British comedy comes to life in dinner theatre
Love, deception, adultery, misunderstandings, mistaken identities and doggie-woggies are part of this British farce comedy and this year’s dinner theatre production at the University of Indianapolis.
The play, written by Ray Cooney and John Chapman, takes place in Joanna and Phillip Markham’s flat in London in 1969. Joanna (played by sophomore theatre education major Mary Schreier) agrees to let her friend Linda Lodge (played by freshmen theatre major Katie Carter) use her flat to have an affair while she and Phillip are out. However, Phillip (played by alum Kirk Fields) has promised the flat to his friend and Linda’s husband Henry Lodge (played by Noel Robleto). Meanwhile, interior designer for the Markhams Allistair (played by Stephen Cox) is planning to spend the evening with the Markhams’ au pair Sylvie (played by Carly Wagers) while they are out.
After a series of misunderstandings, Phillip begins to believe that Joanna is cheating on him with Allistair. Outraged by the accusation and Phillip’s walking out on her, Joanna decides to have an affair after all. However, after a series of interruptions, misunderstandings, switching of identities and a comedy of other errors, Phillip and Joanna make up at the end.
Performed in the Schwitzer Student Center Dining Hall, “Move Over, Mrs. Markham” previewed on Feb. 23 and ran until Feb. 26. The show also ran from March 2 through March 4.
Dinner started at 6:45 p.m. and featured popular British food such as breaded fish, chips (French fries) and Dutch potatoes.
Schreier said that this play is an incredibly funny production, and as a first year transfer student from the University of Oklahoma, she was not expecting to earn the role of protagonist Joanna Markham, whom she admired for being a strong yet impulsive woman who is true to herself and not childish, even though she often gets what she wants.
“I had no desire to be any specific character until I really delved into the play,” she said. “And it was right before callbacks that I decided I was really going to push for Joanna Markham. I really wanted that role. Being a first year transfer, I didn’t think there was going to be any chance in hell that it was going to happen, but we’re here now, and I am the part.”
Schreier said that while she was thrilled to be Joanna, there were some difficulties in developing the character, including speaking with a received pronunciation British accent, which Schreier had never done before. Schreier said the play also was very different from “The 25th Annual Putnam County Spelling Bee,” a UIndy production she had performed in previously as Marcy Park.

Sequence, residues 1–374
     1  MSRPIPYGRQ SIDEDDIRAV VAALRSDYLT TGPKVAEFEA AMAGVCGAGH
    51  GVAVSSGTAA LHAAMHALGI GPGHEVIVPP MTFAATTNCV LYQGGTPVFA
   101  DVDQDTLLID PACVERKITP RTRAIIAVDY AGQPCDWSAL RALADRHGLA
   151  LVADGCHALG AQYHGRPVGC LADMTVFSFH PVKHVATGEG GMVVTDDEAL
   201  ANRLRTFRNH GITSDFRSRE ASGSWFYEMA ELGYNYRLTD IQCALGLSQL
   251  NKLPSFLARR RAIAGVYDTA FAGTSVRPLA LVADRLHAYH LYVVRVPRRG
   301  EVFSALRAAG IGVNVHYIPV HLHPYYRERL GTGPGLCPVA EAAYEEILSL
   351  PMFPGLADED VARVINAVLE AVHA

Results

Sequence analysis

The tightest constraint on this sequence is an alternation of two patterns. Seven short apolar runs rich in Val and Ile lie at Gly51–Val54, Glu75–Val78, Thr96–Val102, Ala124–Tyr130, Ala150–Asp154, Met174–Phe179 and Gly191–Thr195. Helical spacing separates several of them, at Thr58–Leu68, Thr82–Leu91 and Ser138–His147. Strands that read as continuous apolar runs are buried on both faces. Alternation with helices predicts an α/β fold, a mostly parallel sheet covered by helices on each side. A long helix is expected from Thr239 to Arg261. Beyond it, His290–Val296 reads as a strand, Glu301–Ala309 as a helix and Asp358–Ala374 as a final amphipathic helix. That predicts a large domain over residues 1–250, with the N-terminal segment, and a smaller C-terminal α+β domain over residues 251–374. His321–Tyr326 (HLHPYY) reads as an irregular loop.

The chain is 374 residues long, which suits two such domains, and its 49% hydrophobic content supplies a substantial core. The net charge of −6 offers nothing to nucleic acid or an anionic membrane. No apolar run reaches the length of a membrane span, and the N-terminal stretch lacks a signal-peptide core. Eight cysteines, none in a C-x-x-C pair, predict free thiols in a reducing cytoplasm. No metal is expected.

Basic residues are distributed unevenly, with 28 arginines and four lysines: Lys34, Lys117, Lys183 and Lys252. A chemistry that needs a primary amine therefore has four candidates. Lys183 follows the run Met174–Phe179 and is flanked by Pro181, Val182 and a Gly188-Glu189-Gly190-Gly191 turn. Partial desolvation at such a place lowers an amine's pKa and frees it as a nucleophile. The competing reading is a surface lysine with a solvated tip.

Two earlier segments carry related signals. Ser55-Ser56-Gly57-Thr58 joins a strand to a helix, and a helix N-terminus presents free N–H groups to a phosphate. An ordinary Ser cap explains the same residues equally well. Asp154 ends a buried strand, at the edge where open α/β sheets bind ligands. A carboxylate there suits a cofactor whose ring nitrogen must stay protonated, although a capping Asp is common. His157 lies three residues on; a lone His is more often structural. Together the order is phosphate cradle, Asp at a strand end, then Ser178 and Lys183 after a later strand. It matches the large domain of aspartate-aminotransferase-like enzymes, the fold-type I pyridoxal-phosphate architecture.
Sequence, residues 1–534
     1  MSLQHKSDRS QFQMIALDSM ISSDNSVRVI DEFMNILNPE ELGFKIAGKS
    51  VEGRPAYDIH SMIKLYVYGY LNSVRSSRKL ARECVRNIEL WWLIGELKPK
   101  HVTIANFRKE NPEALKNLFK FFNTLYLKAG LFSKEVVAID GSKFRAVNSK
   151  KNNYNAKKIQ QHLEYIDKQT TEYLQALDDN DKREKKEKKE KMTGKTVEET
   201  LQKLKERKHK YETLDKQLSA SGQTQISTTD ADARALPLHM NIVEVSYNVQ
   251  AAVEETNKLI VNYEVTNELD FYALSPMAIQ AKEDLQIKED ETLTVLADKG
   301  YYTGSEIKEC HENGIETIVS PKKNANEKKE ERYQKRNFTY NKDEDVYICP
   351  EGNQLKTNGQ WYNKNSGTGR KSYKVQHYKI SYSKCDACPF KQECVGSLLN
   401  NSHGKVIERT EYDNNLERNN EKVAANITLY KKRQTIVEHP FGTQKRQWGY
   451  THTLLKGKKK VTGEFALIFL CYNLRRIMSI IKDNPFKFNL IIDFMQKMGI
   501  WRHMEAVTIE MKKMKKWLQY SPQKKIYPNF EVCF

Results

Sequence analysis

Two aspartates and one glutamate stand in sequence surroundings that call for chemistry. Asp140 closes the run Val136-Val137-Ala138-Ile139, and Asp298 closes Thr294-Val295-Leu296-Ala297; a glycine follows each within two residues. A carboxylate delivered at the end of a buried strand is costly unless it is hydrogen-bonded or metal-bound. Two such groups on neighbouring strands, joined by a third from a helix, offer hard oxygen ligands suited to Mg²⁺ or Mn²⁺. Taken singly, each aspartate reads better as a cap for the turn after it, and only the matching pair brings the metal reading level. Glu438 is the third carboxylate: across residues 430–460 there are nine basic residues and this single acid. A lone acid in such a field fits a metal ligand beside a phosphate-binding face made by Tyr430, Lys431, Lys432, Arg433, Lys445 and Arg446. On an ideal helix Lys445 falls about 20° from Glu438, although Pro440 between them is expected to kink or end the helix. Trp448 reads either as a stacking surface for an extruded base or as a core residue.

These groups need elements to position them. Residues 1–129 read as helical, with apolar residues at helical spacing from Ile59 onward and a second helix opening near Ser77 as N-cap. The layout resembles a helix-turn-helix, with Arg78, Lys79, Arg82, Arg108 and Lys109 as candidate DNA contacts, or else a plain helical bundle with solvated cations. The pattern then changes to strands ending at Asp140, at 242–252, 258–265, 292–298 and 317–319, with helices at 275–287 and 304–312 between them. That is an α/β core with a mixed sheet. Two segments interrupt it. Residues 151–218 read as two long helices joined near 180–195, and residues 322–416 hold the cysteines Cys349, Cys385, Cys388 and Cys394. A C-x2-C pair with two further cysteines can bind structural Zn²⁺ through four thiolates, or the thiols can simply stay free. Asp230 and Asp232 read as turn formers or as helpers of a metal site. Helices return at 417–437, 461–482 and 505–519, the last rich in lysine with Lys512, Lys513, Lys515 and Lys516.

“Finding Marcy Park as a character was really difficult for me. When I was cast in that part, I was very surprised because she is good at everything, and that’s something very foreign for me because I’ve always had to work hard for everything in my life,” Schreier said. “So trying to become a person who is naturally good at everything and trying to make that character built around that was really, really difficult. I ended up making her a pageant girl and sort of going with a gimmick. It was easy to find Marcy Park with a gimmick. With Joanna Markham, she can’t be a gimmick. She has to be realistic while being in this unrealistic situation.”
Carter said that her character Linda, who is Joanna’s best friend, is impulsive and someone who usually thinks that minor setbacks are terrible. While Carter was at first drawn to the role of Sylvie, the Markhams’ au pair, she soon found herself connecting to Linda.
“The first time at callbacks, I really felt this connection with her, and I was like, ‘This is me.’ I relate to her in a lot of ways. And so from then on, my mission is like, ‘I have to be Linda. There’s no other part I want to be,’” Carter said. “I love that she thinks if something goes wrong, that the world is ending. I relate to that on a spiritual level.”
Schreier said that she had a lot of fun with this production and that this was the kind of production audience members could have fun with as well.
“Farce is sticking everybody in one place who should never meet and seeing what happens,” she said. “That’s sort of the basis that it revolves around, and that is exactly what this play is.”
The next theatre production will be the Student Directed Productions. A free preview will take place on April 20 at 8 p.m., and performances will be April 21-23 and April 27-29 at 8 p.m. in the studio theatre in Esch Hall.